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SOUTHERN DROPOUT PREVENTION ALLIANCE
Toll Free: 866-773-1422 / Fax: 866-877-7640

Email: askus@southerndpa.org

2300 Lakeview Parkway    Suite 700-A    Alpharetta, Georgia 30009

Southern Dropout Prevention Alliance


The Southern Dropout Prevention Alliance provides educational support in 13 southern states. We are nationally recognized and listed as a model program by the national Dropout Prevention Network at Clemson. We partner and collaborate with schools, school districts, colleges, universities, business, and industry. Our focus is centered on student achievement, through providing educators with quality online professional learning, preparing students to be college and career ready via career academies and instructional practices, and dropout prevention strategies.


Services and resources we offer to students, families, community partners, educational agencies, and other stakeholders include:


  • Developing National Career Academy Models for K12
  • State Approved Online CEUs and SEMIs courses for educators
  • K12 Online Learning Management System to enhance and improve teaching and learning
  • Community/family/school collaboration support
  • After-school/summer opportunities for students focusing on Reading, Mathematics, character education and STEM
  • Online Professional Learning Teams and Communities for schools
  • Financial literacy workshops for high school students, young adults, and families

Proud partner with the National Dropout Prevention Network. Recognized with the Highest Rating and as a National Model Program.

See us at http://www.dropoutprevention.org under the Resources and Model Programs link

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SDPA Partnerships and Collaborations

STEM Career Academies

S.T.E.M.

School Improvement (SI)

Support Services Stakeholder

Stakeholder Engagement

Career Academies

Key Initiatives and Support Areas

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ECRED

Online Learning Simplified

Center for Early Interventions


The Center for Early Interventions partners with the SDPA to provide early intervention support so that children can reach their full cognitive, social, physical, adaptive and communicative potential. This improves the outcomes for children, families, and communities. Therefore, to become a successful learner childeren must be exposed to academics and have academic readiness during this critical stage in their lives.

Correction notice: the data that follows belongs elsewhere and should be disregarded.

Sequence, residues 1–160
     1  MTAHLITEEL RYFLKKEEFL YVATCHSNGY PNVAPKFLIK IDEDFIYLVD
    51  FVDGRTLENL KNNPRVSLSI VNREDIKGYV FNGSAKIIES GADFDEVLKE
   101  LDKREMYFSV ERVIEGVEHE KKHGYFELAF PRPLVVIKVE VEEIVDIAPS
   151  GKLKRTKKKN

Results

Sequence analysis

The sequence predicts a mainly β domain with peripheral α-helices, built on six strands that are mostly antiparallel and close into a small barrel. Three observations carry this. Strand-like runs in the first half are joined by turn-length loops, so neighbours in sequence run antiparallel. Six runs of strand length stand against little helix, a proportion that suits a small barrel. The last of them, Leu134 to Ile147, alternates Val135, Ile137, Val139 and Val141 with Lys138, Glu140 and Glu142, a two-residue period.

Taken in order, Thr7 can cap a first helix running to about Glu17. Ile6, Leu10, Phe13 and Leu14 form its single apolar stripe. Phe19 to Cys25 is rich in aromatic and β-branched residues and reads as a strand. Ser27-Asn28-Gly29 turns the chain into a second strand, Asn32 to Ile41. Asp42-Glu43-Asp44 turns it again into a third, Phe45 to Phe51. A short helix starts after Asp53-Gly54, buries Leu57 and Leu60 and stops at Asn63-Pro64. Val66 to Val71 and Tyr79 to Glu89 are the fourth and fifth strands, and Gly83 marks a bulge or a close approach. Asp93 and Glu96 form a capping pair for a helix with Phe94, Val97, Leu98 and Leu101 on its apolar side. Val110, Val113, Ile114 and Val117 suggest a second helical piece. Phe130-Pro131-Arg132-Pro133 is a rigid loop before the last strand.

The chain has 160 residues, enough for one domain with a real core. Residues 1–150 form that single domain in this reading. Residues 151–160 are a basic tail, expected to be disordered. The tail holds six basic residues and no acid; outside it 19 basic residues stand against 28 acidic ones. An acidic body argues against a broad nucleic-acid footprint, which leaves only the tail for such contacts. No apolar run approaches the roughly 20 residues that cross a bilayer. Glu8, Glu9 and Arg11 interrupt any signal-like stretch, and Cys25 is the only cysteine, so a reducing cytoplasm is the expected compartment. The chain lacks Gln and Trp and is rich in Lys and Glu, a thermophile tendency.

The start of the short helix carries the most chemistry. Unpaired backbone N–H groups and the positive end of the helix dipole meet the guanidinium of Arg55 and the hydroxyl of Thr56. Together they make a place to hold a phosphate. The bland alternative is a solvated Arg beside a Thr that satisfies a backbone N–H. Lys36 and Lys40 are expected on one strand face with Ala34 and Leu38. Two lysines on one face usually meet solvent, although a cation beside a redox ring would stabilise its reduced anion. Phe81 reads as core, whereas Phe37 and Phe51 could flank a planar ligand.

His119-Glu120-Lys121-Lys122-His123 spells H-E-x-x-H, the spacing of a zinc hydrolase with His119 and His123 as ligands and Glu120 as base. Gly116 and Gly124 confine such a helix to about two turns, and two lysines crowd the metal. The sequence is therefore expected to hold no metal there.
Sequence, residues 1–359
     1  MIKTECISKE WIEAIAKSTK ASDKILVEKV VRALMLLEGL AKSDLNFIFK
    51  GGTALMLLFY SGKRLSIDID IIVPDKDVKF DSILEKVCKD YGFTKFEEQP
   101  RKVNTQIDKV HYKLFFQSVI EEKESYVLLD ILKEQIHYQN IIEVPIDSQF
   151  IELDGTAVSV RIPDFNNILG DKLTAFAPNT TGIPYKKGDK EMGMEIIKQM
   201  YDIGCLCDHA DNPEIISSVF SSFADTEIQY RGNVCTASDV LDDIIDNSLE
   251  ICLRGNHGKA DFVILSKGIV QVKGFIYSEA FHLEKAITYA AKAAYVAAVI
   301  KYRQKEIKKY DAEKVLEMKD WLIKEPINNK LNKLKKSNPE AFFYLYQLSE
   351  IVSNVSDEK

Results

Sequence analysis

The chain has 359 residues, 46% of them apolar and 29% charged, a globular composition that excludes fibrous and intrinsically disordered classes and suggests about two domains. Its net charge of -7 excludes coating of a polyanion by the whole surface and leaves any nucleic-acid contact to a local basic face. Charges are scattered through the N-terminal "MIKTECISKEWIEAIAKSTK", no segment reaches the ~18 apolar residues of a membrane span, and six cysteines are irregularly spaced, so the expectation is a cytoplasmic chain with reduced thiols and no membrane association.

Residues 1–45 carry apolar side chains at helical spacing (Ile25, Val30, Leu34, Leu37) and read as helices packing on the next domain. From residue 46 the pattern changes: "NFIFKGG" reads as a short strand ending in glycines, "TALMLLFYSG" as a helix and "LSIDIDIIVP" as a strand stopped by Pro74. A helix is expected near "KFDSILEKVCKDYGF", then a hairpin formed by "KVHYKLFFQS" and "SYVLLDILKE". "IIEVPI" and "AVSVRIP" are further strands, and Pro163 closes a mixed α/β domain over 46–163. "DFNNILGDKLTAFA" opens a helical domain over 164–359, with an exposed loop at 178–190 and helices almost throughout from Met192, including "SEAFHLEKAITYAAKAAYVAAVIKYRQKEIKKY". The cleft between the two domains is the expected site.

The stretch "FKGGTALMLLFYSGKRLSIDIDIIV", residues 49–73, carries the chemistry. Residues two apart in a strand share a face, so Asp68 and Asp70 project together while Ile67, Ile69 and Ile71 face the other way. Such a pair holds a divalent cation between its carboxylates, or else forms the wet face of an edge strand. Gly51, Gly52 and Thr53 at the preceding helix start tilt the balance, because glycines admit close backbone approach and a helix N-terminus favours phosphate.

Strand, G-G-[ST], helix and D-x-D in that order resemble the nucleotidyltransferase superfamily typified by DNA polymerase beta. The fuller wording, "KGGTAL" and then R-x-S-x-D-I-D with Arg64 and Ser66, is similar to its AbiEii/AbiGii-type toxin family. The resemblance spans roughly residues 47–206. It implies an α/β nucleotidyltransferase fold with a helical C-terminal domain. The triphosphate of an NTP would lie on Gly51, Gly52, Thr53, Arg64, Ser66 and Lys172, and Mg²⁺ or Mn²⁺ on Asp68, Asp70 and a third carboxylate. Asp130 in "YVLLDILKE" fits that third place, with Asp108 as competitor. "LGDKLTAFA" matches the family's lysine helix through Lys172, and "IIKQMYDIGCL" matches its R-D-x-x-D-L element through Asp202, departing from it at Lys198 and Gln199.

According to C4EO’s Expert Group, the following five key findings to support early interventions:


1. The best start in life: the science of early brain development, established over decades of neuroscience and behavioural research, helps illustrate why child development – particularly from birth to five years – is a foundation for a prosperous and sustainable society. Later interventions, although important, are considerably less effective where good early foundations are lacking.


2. Language for life: research shows that up to 10% of children have a long-term, persistent communication disability, and approximately 50% in socially disadvantaged areas have significant language delay on entry to school. There is a strong correlation between communication difficulties and low attainment, mental health issues, poor employment or training prospects and youth crime. With the right support, however, many children with language delay go on to catch up with their peers, and those with a pre-school history of persistent disorders that can be resolved by the age of 5½, go on to perform within normal limits.


3. Engaging parents: parents are the most significant influence on children, and parenting has profound consequences for their future lives, so it is important to persuade parents that engaging in their child’s development can make a difference, and to build positively on their existing strengths and actively involve them in decisions. Disadvantage is not a block to good parenting but low levels of literacy and numeracy and confidence are obstacles, and self-perception contributes to parents’ motivation to change – so it is important to persuade such parents to engage with support services by convincing them that they can bring real and lasting benefits to their children.


4. Smarter working, better services: some children and families need ongoing support, while others may have their needs met sufficiently by an ‘earlier’ intervention to do not require later interventions. A continuum of services is needed to identify the most appropriate intervention to match specific needs at a particular point.12 Children’s centres in particular lie at the ‘hub’ of a continuum of support: often where emerging difficulties can be first spotted, or where children, young people and their families will themselves first ask for help, and often the most appropriate setting within which the extra help children need can be delivered.


5. Knowledge is power: evidence and data is used as an integral part of the intervention process and as an aid to innovation. There is clarity of purpose through clearly stated aims. Interventions are informed by a sound evidence base, from local, national and even international sources. There is a clear analysis of local needs, including feedback from children, families and practitioners. Critically, a baseline is established at the point at which the intervention is first implemented, enabling the intervention to be tracked at key stages, to measure the extent to which it is delivering its stated aims and making a significant impact on outcomes.